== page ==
If there is one thing that Texas politics needs this year, it is a touch of class. Last year was marred by potty talk and petty squabbling. One couldn't help thinking that the whole state needed a dab of polish and a pat of elbow grease to make that silver shine again.
Luckily, this year we have Lady Theresa Thombs running for the State Board of Education. As a RE/MAX realtor, songbird, and a Dame of Justice, Thombs is hellbent on bringing civility back to the democratic process – turning back the clock to a time when "Jesus" wasn't just something said after stubbing one's toe.
Take last week's bravura performance at a Tarrant County campaign forum. Lady Thombs waltzed through the proceedings with aristocratic politesse, never bowing to the pressures of dirty politics. As befitting a lady, her bon-mots were on par with Downton Abbey's Dowager Countess.
According to the Fort Worth Star-Telegram, she began the evening by accusing incumbent Pat Hardy of being a "lifelong Democrat." Then, she ever so gently moved on to challenger Eric Mahroum. "His real experience in management," she quipped, "is Chuck E. Cheese." She reminded the crowd that Mahmoud had once fallen behind on child support. The only thing keeping the crowd from mass swooning was the lack of fainting couches.
She then went on to describe her education philosophy. History, she said, should be written by “experts, not people from some socialist higher education,” adding, "We know we didn't come from monkeys!" On her website, she elaborates that her "main goal" is "to return to the basics of education where reading, writing, mathematics, and science basics are emphasized rather than social agendas and ideologies." Until recently, those last two words were written as “adgendas" and "ideoligies."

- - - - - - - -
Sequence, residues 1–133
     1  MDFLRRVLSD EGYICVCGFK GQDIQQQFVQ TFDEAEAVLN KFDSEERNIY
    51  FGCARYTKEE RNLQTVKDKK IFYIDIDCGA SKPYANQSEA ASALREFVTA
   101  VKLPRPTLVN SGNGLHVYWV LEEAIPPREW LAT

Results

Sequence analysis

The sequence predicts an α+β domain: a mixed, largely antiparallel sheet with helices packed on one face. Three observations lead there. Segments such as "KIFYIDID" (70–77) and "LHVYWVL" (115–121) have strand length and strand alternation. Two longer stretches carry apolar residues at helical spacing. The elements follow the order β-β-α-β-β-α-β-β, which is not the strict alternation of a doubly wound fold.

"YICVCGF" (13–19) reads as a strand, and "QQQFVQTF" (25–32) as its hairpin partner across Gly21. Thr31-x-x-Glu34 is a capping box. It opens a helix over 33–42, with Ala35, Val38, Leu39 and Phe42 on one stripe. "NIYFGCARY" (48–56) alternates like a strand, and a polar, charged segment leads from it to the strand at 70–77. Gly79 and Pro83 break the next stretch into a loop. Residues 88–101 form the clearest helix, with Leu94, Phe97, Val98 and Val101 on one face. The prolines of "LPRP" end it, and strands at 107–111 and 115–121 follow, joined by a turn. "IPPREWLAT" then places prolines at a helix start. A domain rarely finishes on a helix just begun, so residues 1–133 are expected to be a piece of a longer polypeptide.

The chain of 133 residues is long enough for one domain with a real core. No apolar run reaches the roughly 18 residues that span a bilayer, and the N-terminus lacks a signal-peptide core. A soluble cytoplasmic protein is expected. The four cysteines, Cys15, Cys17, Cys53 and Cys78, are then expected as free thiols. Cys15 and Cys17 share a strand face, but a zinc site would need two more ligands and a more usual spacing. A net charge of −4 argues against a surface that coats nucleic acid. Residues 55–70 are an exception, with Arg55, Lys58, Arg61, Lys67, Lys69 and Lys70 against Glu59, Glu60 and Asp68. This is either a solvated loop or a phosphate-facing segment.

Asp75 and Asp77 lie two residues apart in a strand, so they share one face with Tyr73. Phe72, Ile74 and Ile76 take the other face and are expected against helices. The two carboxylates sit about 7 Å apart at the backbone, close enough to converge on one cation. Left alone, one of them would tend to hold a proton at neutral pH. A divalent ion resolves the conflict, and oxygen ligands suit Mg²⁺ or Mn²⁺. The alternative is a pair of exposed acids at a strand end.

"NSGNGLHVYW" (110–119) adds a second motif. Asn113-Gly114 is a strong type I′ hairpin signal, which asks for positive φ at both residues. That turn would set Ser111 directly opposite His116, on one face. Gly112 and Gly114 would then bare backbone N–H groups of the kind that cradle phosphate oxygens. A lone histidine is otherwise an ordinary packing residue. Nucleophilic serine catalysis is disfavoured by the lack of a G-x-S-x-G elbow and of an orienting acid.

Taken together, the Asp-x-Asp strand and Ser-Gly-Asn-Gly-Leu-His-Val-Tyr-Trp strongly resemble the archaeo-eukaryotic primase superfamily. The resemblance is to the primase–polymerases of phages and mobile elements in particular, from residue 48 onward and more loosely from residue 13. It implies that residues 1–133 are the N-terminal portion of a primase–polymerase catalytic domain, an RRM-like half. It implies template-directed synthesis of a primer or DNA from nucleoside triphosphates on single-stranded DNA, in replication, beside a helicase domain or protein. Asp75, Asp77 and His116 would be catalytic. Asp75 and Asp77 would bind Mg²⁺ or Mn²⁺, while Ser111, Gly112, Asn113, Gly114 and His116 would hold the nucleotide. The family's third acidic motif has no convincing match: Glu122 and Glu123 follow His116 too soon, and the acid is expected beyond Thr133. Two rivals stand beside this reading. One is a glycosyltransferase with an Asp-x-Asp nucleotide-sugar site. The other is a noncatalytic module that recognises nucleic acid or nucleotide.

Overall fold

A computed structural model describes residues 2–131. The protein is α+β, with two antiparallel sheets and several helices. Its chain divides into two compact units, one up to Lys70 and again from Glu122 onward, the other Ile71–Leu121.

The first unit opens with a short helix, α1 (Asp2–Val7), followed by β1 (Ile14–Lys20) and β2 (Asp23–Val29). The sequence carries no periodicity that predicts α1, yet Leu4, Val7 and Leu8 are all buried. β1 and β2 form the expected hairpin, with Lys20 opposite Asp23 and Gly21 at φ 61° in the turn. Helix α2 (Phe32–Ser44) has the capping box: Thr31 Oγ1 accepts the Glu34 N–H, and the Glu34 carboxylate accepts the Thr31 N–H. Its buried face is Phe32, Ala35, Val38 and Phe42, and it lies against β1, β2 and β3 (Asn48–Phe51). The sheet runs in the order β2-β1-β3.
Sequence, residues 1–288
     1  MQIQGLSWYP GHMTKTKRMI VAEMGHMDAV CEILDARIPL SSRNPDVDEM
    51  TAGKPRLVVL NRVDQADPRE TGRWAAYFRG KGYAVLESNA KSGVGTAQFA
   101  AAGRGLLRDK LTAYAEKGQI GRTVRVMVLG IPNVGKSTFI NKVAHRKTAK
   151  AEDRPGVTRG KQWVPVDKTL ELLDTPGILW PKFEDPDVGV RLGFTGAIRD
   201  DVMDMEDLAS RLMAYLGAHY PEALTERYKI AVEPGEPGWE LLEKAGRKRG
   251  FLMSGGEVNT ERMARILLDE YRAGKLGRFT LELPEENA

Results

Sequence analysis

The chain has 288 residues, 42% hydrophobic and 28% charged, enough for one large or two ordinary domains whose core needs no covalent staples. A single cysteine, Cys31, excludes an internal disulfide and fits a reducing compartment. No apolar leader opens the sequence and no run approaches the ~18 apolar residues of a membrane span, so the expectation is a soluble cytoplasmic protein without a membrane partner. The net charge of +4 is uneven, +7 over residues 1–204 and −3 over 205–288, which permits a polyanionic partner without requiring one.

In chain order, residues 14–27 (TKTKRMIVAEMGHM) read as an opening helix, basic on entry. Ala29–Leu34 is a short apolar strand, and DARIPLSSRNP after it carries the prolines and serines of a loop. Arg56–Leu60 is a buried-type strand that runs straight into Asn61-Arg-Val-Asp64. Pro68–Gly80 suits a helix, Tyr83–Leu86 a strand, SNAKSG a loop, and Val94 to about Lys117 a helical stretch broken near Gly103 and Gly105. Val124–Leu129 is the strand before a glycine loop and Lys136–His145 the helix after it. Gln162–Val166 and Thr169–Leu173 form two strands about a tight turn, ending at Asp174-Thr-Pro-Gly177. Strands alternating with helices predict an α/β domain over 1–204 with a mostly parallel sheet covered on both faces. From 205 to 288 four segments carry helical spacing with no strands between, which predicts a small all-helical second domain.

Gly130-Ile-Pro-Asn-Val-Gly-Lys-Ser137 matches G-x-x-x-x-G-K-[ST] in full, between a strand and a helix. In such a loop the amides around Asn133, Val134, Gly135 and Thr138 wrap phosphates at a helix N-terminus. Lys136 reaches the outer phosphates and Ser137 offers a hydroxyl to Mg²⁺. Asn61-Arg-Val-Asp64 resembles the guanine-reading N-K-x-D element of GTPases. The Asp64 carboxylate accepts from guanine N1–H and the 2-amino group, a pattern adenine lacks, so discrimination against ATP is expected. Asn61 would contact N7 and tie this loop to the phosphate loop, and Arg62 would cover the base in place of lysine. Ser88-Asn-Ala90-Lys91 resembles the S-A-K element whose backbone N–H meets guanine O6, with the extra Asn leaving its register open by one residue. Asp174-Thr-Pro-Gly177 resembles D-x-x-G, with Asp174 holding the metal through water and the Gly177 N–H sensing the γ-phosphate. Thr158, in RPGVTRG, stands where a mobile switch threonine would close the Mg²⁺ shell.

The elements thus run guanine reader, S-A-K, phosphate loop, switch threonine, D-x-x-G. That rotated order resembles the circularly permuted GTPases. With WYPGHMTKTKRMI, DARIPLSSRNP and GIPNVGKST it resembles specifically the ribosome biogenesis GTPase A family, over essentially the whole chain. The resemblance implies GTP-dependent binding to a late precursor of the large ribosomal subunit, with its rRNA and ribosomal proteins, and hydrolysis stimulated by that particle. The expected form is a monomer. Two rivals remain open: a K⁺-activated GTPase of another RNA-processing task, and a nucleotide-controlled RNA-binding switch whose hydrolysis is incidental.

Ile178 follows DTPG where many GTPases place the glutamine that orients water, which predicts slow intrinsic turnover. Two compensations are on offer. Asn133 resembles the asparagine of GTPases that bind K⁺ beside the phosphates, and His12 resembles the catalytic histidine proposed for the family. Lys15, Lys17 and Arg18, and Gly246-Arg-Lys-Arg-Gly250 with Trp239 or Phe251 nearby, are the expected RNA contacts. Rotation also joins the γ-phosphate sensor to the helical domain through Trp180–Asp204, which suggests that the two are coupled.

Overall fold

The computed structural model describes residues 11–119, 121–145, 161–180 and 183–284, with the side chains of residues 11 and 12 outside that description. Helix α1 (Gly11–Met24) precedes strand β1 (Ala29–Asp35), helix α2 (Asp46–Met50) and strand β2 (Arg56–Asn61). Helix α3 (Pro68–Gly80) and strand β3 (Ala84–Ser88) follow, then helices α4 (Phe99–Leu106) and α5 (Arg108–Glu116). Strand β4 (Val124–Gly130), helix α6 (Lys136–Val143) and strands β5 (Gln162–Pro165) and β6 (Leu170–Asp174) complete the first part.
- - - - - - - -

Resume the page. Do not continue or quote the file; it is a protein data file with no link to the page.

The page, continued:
Perhaps they didn't teach spelling at Cheltenham? But Thombs seems to take it all in stride.
Indeed, her lack of spelling prowess seems to be a source of pride. repeatedly over the weekend, she linked to a Mental Floss listicle of 11 historical figures known for their alphabetical goofs. Tellingly, former vice presidential aspirant and "potatoe" farmer Dan Quayle was number 11.
Rest assured, frequent typos will not be defining her campaign. To Thombs, the stakes are too high. As the news of last week's candidate forum became more widespread, Thombs found herself trading in her satin suits for Joan of Arc armor. Earlier in the week, she warned, "We have Devil worshipers who cannot wait to vote. Like I said to the liberal grannie who thinks the Devil is right. Christians will win."
Thombs reminds her followers that the key to the Christian victory will be prayer. Using tirelessly researched propaganda techniques, she discusses her tactics with provocative sentence fragments.
But in the end, she might have to resort to heavy weaponry to win the battle for Texas children. Her camp has even been fine tuning a long range acoustic device. Don't worry m'lady, we hear you loud and clear.
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